June-July 2014

The BAKKEN OIL BUSINESS JOURNAL is a high-gloss, full-color magazine with a targeted distribution that gets our Advertisers in front of the RIGHT EYES in this industry. Direct mailed to Companies in the Bakken with bonus distribution at Energy Shows.

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Page 20 of 75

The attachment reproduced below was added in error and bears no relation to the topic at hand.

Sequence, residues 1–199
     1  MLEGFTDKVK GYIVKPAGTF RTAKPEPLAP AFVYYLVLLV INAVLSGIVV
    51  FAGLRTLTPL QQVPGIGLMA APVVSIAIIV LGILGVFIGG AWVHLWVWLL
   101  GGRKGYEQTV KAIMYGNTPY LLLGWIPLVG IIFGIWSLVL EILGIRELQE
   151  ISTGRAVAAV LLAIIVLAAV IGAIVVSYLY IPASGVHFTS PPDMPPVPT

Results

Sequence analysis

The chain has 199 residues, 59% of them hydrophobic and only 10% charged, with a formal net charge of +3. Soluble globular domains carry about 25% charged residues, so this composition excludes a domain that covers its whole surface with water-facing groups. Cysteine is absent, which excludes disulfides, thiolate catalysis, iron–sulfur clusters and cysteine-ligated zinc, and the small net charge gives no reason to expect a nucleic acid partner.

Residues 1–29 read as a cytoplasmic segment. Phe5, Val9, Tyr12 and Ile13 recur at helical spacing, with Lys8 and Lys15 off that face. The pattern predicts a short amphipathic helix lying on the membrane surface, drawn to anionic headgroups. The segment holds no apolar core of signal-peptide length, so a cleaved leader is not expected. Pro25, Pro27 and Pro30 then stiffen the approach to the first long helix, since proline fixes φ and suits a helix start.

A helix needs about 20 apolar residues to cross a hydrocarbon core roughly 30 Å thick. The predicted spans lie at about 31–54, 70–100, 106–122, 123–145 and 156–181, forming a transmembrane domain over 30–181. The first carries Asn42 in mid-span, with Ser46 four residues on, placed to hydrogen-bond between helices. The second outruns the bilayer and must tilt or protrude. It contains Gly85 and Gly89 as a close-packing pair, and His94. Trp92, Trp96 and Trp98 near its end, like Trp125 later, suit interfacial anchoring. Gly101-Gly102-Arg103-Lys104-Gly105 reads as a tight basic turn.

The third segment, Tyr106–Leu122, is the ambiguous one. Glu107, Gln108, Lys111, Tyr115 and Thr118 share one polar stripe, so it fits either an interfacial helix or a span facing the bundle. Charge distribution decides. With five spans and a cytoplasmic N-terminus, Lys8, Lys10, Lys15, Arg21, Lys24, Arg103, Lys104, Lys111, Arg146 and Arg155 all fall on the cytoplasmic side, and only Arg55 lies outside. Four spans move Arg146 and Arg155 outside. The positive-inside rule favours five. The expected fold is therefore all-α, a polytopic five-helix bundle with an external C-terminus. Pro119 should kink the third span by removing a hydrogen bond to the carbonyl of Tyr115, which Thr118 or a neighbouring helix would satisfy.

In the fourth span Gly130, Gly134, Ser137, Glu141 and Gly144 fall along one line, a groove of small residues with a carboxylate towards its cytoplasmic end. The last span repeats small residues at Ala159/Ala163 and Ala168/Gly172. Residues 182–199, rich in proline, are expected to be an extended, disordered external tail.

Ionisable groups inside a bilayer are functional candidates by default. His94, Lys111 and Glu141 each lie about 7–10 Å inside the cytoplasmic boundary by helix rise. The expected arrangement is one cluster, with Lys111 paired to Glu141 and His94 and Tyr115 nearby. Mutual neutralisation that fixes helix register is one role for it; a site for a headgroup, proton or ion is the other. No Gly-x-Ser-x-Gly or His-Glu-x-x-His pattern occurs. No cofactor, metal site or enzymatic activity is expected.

Read online @ B A K K E N O I L B I Z . C O M / d i g i t a l - j o u r n a l 21 "Building it Better" ➢ General Contractor ➢ Pre-engineered Steel Buildings ➢ Commercial Concrete ➢ Design/Build Williston, ND • 701-729-6261 A FULL SERVICE GENERAL CONTRACTOR critics claim? First, a little history. Fred Koch, the father of David and Charles, went to MIT where he earned a chemical engineer- ing degree, and in 1927 he developed a better way to refine oil. However, he and his invention were rebuffed by US oil companies. The rejection led him to the Soviet Union where he trained engineers who built 15 refineries operating on his new refining principles. When Stalin brutally eliminated some of his Soviet colleagues, Fred Koch was awakened to the truth about the regime for which he worked. Soon he returned to the US and founded the Rock Island Oil & Refin- ing company in Wichita, Kansas. He also became intensely anti-communist, a change driven by his guilt over aiding the Soviet dictatorship. In 1958 Fred became one of the earliest members of the John Birch Society, an organization that distrusted the gov- ernment and believed the US was heading into a future of communism. Birchers went so far as to view even President Eisenhower as a possible communist agent. Meanwhile, as his sons were growing up he shared with them his beliefs about the failings of the government. Eventually Charles and David embraced the thinking of economist Frederick von Hayek, best known for writing "The Road to Serfdom." He was a believer in the free market, the freer the better. Hayek's thinking about unrestrained capitalism appeals to many conservatives and to anti-communists. One well known proponent is Glenn Beck. Meanwhile, in preparation for their roles in the future of the Rock Island Oil & Refining Company, Fred's sons also at- tended MIT. After Fred died in 1967, his sons took full con- trol and renamed the company Koch Industries in his honor. Then they began to build the organization into an extensive enterprise, an effort that has succeeded wildly, expanding the business from its oil company roots to a conglomer- ate with operating divisions in several industries. O n e of their most notable moves was the 2005 purchase of Georgia Pacific, maker of Brawny paper towels, wood products and chemicals, for $21 billion. Sev- eral years earlier, in 2000, Koch Industries ➤ cont., pg 22

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